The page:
Mavenclad (cladribine) is an anti-cancer drug being developed by Merck as a possible treatment for relapsing-remitting multiple sclerosis (RRMS). The oral therapy works by selectively targeting lymphocytes, immune cells believed to be linked to multiple sclerosis.

How Mavenclad works

MS symptoms are a result of the body’s immune system mistakenly attacking the myelin sheath, a protective layer that surrounds nerve fibers. Damage to myelin disrupts the effective transmission of nerve signals and can lead to permanent damage to the nerves.

The immune system can damage myelin by directing immune cells (white blood cells or lymphocytes), called T- and B-cells, in the brain and spinal cord to attack the myelin sheath.

Mavenclad works by reducing the number of B-cells and T-cells that are circulating in the bloodstream. It can interfere with DNA repair and replication in T- and B-cells, leading to cell death. This results in fewer cells available to cause the damaging immune response.

Mavenclad in clinical trials

Mavenclad has gone through several rounds of testing for RRMS. The results of a Phase 3 clinical trial, called CLARITY (NCT00213135) and involving more than 1,300 RRMS patients, were published in the New England Journal of Medicine. The study compared the effects of two doses of Mavenclad (3.5 mg or 5.25 mg per kilogram) with a placebo. Both doses reduced patients’ relapse rate by more than 50 percent. Results from an extension study (NCT00641537) showed that Mavenclad continued to limit relapses two years after it was administered.

Another Phase 3 clinical trial called ORACLE (NCT00725985) included 616 participants. It showed that taking Mavenclad after an initial demyelinating event delayed the onset of MS. (A demyelinating event is a show of symptoms resulting from the deterioration of the myelin sheath. Initial demyelination-event symptoms include nerve pain, fatigue, loss of vision, and bladder or bowel problems). The trial also showed that in people who took Mavenclad tablets after a first demyelinating event, the risk of the disease progressing to MS itself was significantly reduced, compared to those who took placebo. Those who received Mavenclad during the clinical trial’s initial treatment phase ended up with lower annualized relapse rates than those who received a placebo during initial treatment.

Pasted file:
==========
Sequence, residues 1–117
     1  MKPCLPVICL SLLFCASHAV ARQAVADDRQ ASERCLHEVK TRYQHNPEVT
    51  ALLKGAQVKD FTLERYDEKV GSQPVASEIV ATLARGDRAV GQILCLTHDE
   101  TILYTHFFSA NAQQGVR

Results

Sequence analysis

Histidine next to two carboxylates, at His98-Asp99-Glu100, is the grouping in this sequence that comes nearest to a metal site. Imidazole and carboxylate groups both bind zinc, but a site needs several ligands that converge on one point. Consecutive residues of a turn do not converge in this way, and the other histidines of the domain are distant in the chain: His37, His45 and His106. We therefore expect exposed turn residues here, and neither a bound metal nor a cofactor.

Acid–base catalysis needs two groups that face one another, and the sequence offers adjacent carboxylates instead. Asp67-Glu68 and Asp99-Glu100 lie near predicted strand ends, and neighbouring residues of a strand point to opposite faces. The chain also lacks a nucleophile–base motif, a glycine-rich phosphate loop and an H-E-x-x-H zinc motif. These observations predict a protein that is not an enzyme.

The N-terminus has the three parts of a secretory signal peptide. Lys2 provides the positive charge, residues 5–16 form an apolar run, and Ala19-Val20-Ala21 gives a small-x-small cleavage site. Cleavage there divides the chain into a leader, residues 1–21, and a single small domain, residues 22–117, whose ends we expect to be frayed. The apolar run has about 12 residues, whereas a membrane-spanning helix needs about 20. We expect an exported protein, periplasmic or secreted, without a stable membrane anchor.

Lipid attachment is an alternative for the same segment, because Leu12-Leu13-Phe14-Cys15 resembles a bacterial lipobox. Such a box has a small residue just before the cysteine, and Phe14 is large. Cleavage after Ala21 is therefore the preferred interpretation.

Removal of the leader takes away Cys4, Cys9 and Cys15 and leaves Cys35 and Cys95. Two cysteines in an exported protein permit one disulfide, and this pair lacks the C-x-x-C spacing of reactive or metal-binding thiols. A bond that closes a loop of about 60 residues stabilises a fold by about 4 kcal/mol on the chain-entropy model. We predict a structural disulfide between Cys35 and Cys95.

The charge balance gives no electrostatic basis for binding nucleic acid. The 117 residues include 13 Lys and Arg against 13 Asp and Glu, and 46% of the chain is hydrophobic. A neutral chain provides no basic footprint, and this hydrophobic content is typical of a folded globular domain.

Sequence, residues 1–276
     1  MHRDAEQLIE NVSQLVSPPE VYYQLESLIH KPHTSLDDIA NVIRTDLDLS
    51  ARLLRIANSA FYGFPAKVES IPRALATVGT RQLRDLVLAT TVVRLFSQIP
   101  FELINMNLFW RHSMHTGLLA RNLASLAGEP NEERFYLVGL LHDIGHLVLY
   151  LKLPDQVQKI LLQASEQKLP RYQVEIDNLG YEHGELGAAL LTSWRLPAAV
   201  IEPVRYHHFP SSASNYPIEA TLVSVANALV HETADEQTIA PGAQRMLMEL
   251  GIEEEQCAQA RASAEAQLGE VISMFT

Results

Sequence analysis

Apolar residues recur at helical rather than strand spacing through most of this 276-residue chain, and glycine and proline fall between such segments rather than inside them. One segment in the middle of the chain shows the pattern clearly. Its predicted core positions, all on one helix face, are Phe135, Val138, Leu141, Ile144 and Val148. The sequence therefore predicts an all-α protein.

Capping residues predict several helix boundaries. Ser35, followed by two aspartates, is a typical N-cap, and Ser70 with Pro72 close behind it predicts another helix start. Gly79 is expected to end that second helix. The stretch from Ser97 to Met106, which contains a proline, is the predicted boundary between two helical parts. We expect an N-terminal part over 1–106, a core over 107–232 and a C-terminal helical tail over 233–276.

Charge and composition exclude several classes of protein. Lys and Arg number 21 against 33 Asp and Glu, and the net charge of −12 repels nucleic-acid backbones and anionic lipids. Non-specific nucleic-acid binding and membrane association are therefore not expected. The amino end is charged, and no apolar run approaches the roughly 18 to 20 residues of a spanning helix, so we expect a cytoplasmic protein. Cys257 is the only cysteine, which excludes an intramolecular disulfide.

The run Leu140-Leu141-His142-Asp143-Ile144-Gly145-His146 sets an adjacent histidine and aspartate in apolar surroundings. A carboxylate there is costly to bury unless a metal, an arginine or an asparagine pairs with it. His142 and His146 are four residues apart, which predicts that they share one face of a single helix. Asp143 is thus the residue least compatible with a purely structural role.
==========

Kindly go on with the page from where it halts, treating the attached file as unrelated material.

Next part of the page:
MS patients who have participated in Mavenclad studies can have their names added to a register (NCT01013350) dealing with the drug’s safety until late 2018.

Based on these positive results, Merck applied to the European Medicines Agency (EMA) for Mavenclad’s approval as a treatment for RRMS in July 2016. On August 25, 2017, the European Commission (EC) approved Mavenclad in the 28 countries of the European Union in addition to Norway, Liechtenstein, and Iceland.

Merck also announced that it is considering filing a new request for approval to the U.S. Food and Drug Administration (FDA), which rejected a similar request in 2011 (as did the EMA in 2010). Both those rejections were based on concerns of more cancer cases among Mavenclad-treated patients, but extension trials have since proven the treatment’s safety and efficacy.

Side effects of Mavenclad treatment include headaches, symptoms of the common cold, and lymphocytopenia or low white blood cell counts, a possible cause of infections.

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